MALDEF

MALDEF Midwest Regional Office

Approach to Census 2010 Complete Count -
Challenges and Opportunities

MALDEF is committed to making Census 2010 a successful count of Latinos in the United States and to enhance our sense of civic pride among our communities as we participate in the Census 2010.

Our approach for an effective 2010 Census campaign is to target the “hard-to-count” (HTC) areas of our region.¹ and based on a three-pronged strategy targeting designated “hard-to-count” counties, by:

  1. Accessing and partnering with grassroots entities (non-profit groups, community businesses, and faith-based organizations) that have the direct contact with hard-to-count populations;
  2. Partnering with grass top leaders to promote the 2010 Census and educate the community at the state and local levels; and
  3. Broadcasting bilingual promotional information (English and Spanish) via the radio and television and at large events.

We know that our biggest return on our efforts will be through collaborating with trusted groups and agencies that provide direct services to and have regular contact with hard-to-count families and individuals.

Background

The MALDEF Midwest Region is home to a large, diverse Latino population of which many are found in difficult-to-reach populations due to limited English proficiency, immigration status and job mobility. The 11-state region includes Illinois, Indiana, Wisconsin, Michigan, Ohio, Missouri, Minnesota, Iowa, Nebraska, South Dakota, North Dakota and has some of the most populated urban areas in the U.S while also containing three of the most economically troubled states in the nation – Illinois, Michigan and Wisconsin. According to the Pew Center, Illinois has one of the worst budget gaps in the country at $13.2 billion; Michigan has never recovered from a 2001 recession and trying to solve problems on a 1960s-sized budget and Wisconsin has a historical pattern of borrowing frequently to cover operating expenses. The Midwest also encompasses 6 states with hard to count populations – Illinois, Michigan, Ohio, Indiana, Wisconsin and Minnesota. In Illinois, Indiana, Michigan, Minnesota, Ohio and Wisconsin the Latino population has continued to grow steadily since 1990, many at a rate faster than the general population. In Chicago, it is estimated that Latinos make up approximately 26 percent of the local population, and of increasing interest and importance, is the shift of Latino population to the suburbs as documented by the Institute for Latino Studies of the University of Notre Dame. Accurate census data is critical to planning in these suburban communities which are now responsible for educating half of the 365,000 Latino school-aged children and adolescents in the Chicago Metropolitan area. For the remaining states, the Latino population continues to grow but it is also disproportionately underrepresented. In the 2000 Census count, Latinos were missed approximately four times as often as Caucasians, African-American three times as often and Asians, twice as often. As a result, while the Latino population continues to grow, critical services such as schools, social services, transportation, etc. are not provided due to an undercount of the community.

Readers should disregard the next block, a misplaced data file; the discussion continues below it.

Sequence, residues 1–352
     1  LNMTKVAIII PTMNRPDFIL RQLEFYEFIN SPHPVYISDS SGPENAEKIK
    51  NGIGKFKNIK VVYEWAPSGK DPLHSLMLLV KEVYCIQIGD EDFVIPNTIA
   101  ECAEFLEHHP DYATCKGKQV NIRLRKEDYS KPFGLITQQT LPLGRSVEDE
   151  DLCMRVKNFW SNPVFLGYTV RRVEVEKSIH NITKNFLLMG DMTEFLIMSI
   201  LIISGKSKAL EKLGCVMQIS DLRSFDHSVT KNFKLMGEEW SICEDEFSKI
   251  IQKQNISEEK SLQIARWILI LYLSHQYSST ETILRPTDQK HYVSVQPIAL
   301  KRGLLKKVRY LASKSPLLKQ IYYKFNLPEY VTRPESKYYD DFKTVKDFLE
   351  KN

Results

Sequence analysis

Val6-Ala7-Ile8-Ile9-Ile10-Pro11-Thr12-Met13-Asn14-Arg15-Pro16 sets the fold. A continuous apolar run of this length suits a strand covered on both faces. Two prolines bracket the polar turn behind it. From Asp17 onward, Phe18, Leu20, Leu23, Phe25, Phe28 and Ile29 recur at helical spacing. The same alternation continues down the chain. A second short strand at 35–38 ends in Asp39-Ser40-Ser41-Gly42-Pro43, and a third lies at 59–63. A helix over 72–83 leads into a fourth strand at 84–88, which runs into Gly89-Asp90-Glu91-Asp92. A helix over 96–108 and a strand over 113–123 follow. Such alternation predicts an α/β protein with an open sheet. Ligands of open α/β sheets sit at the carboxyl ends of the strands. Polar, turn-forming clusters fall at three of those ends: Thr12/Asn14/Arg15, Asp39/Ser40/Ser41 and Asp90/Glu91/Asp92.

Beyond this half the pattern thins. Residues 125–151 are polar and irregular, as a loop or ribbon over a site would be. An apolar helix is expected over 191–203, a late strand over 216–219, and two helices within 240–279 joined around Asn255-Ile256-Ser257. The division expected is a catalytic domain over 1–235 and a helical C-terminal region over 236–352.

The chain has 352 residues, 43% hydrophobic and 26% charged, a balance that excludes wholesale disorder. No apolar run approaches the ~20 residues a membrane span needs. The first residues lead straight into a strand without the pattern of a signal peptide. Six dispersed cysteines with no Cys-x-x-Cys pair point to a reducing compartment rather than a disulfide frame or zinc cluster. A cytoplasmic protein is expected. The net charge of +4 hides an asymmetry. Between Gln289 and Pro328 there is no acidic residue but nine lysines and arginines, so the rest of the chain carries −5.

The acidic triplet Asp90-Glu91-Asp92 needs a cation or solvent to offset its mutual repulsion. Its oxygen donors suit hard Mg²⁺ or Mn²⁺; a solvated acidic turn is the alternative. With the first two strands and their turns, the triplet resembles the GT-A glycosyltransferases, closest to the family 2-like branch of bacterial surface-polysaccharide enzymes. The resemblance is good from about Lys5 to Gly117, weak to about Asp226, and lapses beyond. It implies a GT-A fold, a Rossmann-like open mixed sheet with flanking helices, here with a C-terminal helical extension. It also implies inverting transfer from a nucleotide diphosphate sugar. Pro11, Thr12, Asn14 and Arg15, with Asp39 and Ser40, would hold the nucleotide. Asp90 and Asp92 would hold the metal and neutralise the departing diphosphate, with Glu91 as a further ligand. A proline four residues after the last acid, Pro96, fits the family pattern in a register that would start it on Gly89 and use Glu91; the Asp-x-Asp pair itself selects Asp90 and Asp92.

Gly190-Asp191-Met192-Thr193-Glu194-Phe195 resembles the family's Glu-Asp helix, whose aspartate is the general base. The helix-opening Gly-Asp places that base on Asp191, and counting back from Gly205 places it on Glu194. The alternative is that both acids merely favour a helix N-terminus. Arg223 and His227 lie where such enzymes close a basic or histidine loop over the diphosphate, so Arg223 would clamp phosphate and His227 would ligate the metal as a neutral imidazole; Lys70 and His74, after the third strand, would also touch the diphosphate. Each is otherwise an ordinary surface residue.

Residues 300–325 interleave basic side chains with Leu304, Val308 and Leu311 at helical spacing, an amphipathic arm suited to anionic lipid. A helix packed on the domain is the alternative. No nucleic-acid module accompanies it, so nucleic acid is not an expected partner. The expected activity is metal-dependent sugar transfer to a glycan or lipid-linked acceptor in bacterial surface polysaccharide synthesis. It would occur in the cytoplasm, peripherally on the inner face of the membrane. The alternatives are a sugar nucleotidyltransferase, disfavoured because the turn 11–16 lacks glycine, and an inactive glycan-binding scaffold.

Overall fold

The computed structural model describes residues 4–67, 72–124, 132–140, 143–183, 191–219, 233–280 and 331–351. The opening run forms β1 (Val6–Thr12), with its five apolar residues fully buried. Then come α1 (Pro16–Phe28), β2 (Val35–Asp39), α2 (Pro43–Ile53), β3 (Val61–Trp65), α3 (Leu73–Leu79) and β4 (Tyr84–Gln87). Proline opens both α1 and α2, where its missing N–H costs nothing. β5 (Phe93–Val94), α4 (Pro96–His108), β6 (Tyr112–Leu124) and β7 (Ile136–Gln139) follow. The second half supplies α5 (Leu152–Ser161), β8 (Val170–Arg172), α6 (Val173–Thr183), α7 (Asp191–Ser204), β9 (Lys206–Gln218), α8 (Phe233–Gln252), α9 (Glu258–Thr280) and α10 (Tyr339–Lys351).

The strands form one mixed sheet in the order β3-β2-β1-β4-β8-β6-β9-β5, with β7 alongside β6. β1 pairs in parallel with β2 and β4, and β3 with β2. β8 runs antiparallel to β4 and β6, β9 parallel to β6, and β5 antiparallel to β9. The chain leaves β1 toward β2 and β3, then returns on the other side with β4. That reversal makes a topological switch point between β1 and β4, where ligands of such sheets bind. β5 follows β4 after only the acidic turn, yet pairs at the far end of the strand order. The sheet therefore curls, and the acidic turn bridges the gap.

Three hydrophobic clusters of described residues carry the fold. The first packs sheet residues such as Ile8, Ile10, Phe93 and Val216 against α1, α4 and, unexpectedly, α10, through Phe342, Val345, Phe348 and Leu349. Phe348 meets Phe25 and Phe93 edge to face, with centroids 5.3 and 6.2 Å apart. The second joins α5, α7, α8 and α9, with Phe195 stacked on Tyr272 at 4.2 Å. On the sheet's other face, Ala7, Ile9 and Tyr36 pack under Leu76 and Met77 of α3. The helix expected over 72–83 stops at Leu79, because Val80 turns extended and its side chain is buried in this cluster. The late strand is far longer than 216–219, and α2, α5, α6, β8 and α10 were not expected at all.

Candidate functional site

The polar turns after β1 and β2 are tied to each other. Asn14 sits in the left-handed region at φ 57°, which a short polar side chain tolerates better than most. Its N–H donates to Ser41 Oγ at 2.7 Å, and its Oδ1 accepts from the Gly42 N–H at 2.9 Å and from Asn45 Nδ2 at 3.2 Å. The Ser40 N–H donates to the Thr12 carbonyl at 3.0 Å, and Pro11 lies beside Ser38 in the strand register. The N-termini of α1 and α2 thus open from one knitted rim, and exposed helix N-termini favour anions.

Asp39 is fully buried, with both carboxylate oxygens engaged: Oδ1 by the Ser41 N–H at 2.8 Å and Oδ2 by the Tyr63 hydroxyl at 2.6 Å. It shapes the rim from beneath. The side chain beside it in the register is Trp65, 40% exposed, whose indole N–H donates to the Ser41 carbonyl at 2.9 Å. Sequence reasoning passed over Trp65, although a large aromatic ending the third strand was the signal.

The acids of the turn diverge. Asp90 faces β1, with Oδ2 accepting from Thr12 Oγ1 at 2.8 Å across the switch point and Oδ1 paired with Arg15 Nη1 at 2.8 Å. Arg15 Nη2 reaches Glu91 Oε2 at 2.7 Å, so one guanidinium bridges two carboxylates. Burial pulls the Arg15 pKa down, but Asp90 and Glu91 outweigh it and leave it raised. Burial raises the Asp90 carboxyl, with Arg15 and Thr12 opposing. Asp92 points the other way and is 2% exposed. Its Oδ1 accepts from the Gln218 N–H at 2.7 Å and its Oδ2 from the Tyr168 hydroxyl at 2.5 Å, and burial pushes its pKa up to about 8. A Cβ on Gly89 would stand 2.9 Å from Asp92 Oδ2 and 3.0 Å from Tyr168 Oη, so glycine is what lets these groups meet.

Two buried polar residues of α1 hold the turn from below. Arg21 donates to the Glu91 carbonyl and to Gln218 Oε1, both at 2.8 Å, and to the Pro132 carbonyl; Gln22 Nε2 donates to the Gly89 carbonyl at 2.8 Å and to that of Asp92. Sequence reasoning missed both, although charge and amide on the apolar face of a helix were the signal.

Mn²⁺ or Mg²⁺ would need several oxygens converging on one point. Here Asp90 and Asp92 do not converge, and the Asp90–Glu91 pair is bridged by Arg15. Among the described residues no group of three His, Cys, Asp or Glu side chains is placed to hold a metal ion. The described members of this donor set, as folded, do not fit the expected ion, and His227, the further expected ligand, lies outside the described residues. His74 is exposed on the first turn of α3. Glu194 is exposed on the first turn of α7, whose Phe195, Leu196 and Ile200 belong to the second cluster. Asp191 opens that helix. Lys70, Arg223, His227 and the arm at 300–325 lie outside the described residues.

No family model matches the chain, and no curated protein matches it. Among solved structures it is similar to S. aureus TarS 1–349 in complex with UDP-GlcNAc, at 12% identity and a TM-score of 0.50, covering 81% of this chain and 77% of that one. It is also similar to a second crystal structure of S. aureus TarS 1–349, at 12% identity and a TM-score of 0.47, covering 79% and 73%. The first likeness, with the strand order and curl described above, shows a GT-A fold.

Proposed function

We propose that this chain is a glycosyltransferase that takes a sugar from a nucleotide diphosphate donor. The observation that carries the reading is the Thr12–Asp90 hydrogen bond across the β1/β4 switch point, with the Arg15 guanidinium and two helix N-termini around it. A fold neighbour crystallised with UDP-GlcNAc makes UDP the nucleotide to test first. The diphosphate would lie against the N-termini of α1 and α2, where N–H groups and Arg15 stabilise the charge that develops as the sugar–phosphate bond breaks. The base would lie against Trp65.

Population Profile of MALDEF Midwest Region States and Hard-to-Count Populations

Some facts about the region:

Education: Latinos accounted for 1-in-5 students in Illinois’ k-12 public schools during the 2007-2008 school year. In Fiscal Year 2007, Illinois ranked 49th in the nation in proportion of revenue used for public education provided by the state.

Health: In Illinois, Latinos accounted for 27% of the state’s uninsured population in 2007. With 454,906 uninsured Latinos in Illinois, nearly 1-in-4, are uninsured. Moreover, 21% of Latino children aged 18 and under lack access to health insurance.

Poverty: Latinos accounted for 21.9% of those in Illinois who lived below the poverty threshold in 2008. Latino children accounted for 30% of all children in Illinois living below the poverty threshold in 2008.

Housing: A majority of neighborhoods in Chicago and the surrounding suburbs with large concentration of Latinos experienced a greater number of foreclosure filings in the first half of 2009 than the first half of 2008. Among Latinos living in owner-occupied housing units, 61.6% pay thirty percent or more of their household income on housing costs, compared to 38.8% of the total population.

Because You Count, Get Counted!
!Cuéntate…Porque Tú Vales!

In March you will receive the Census 2010 questionnaire at your home. Forms will be available in English and in over 50 languages. They are easy to fill out and must be mailed back by April 1, 2010 (Census Day). Take this chance to make a difference for your family and your community!

  • January & Febuary: Census campaign in full gear. Information on TV, Radio, and community events
  • March: Census forms are mailed or delivered to homes.
  • APRIL 1: Census Day!
  • May, June & July: Census workers visit homes that did not mail in questionnaires.

Click here to download the Midwest Census Palm Card.

For more information or to find out how MALDEF and your organization can partner to count Latinos in your community, contact:

Elisa Alfonso
11 E. Adams, Suite 700
Chicago, Illinois 60603
(312)427-0701
www.maldef.org
ealfonso@maldef.org

Copyright 2009 MALDEF — Mexican American Legal Defense and Educational Fund